I wouldn’t say our approach to design is “unique” per se; however, I would say that our firm values run counter to many of our competitors in that we genuinely strive to satisfy the needs of our clients and their constituents over any preconceived or stylistic approach we may adopt as designers. We value the functionality and adaptability of our projects more than how they look in photographs. We are constantly looking for ways to make our work lasting and relevant by enhancing human experience and satisfaction.
The New Parkland Hospital reflects our point of view in considering patients first in the design process. Even though this building is enormous and a maze of treatment rooms in the clinical areas, we thought first about the patients’ and visitors’ understanding and ability to navigate this vast facility. Despite its size, the building is light infused and easily understood by first time visitors. The exterior treatment is also a reflection of Dallas’ modern tradition of sleek glass architecture; we wanted to acknowledge this tradition.
Our design for Toyota’s North American Headquarters (currently under construction) was based upon the idea of creating a singular communal outdoor space as the primary organizational premise. The client’s goal is to provide for a “One Toyota” solution to a currently dispersed organization in several regions of the country. The notion of “locality” comes into play in the complex as represented in a distinctly Texas material palette. The campus is designed to achieve a very high LEED Score.
The Sacramento International Airport Terminal was all about creating a new front door for the city and greater region. Terminal buildings in general serve as symbols for communities and create first and last impressions for residents and visitors alike. The solution for this building reflected the tree-lined streets of central Sacramento and opened the building up to the California sun.
On his design toolkit
Our initial design process seeks to couple abstract aspirations and goals with more concrete pictorial images to quickly develop a consensus of a design direction with our clients. We have to tailor this process each time to the large and varied client types we enjoy. We work hard to actually gain a consensus on design direction before we propose a given scheme or a set of options. We resist having any preconceptions early on and genuinely collaborate with our clients to create a solution suited to their needs. I usually buck the growing trend to start design immediately on the computer, and as preamble to the inevitable, challenge teams to draw more spontaneously as a way of expressing pure ideas first, before dealing with the intermediary tool. Ideas are more important than tools.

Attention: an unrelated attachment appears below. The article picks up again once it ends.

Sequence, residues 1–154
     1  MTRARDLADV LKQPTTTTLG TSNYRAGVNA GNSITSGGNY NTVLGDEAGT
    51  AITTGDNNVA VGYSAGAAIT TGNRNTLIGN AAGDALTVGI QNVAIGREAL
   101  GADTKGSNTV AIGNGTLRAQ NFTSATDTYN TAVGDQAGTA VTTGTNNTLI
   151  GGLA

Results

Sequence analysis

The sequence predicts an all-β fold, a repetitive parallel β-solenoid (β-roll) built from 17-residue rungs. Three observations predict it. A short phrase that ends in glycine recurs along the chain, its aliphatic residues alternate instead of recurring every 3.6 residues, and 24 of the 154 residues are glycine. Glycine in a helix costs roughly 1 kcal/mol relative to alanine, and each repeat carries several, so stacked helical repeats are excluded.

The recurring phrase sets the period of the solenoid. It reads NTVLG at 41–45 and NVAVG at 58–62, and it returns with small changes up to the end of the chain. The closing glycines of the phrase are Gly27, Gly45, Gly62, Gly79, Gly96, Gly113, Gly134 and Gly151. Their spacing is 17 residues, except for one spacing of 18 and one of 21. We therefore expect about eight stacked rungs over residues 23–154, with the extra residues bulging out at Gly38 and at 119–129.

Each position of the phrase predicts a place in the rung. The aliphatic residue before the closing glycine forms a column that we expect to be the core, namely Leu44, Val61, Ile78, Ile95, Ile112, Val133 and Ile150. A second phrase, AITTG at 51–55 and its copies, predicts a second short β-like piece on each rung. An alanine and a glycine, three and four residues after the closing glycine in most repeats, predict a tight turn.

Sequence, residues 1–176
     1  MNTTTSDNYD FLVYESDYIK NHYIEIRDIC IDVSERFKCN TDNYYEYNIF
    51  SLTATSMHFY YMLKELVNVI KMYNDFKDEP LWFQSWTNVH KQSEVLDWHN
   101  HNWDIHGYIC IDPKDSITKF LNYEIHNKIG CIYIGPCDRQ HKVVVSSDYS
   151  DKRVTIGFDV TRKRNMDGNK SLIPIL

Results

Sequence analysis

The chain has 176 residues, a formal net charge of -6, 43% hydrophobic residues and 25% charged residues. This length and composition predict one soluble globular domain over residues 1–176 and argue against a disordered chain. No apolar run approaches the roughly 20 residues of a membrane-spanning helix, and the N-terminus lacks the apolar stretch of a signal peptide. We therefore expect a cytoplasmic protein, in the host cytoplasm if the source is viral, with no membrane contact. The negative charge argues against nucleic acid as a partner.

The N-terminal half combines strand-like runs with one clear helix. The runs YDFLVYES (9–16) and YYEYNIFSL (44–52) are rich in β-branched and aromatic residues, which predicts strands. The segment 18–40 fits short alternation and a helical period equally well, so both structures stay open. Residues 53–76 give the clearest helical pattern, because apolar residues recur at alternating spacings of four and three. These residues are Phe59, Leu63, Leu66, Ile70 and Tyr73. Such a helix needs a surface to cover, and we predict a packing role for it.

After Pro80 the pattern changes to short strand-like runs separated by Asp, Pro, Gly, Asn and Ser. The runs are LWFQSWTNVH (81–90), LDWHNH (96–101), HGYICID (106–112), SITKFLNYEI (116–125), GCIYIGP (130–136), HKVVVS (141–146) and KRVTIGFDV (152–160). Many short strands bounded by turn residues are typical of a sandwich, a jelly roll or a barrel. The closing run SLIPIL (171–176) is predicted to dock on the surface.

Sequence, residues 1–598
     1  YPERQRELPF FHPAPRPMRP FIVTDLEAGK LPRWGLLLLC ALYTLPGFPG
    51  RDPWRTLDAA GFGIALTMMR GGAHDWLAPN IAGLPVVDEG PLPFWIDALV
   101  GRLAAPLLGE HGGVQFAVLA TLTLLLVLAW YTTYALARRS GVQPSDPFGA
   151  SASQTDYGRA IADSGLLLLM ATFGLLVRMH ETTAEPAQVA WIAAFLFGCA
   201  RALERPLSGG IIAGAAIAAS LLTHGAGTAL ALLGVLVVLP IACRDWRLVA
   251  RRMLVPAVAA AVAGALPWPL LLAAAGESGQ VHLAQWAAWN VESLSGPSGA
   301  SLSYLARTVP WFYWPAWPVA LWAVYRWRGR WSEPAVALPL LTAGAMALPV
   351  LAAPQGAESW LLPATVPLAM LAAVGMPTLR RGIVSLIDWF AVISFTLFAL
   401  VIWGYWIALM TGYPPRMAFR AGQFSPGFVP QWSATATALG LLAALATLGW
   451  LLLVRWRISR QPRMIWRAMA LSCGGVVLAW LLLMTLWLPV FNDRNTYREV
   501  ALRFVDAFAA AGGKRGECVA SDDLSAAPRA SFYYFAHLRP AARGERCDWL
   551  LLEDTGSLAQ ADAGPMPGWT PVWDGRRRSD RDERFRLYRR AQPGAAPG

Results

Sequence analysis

We employ a wide array of software (SketchUp, Rhino, Revit, 3ds Max) as well as drawings and physical models in our design process. We tend to design everything in 3D space regardless of the phase or software used. We employ Revit as our Primary software for construction documents.
On the state of design software today
The most relevant comment I can make about software in general is this: It’s constantly being updated and improved such that periodic and frequent training is mandatory. The trick is knowing when to use aspects of a software’s capabilities. All of the programs offer so much utility it can sometimes be far more power than we need early in the process of design.
On the future of architecture and the firm in the next 5-10 years
The biggest “disruption” I see for the profession revolves around issues of technical integration into other disciplines such as: big data, genetic innovations, robotic and/or Nano construction technologies. These areas may also prove to be huge opportunities.
If I knew this with any certainty I could retire NOW! Our biggest change will be in the very control of our profession. As time goes on we “traditional” architects have lost market share to big engineering and real estate firms. I do worry that technological advances may hasten this if we don’t fight back and defend our roles as the central creative voice for architecture.
Corgan has done a great job of staying abreast of technology in general. I expect our firm to expand our horizons of expertise, adapting to new practice and design models as markets present themselves.
On advice he would give his younger self
Travel more, see the world and always take creative time for your own self-expression.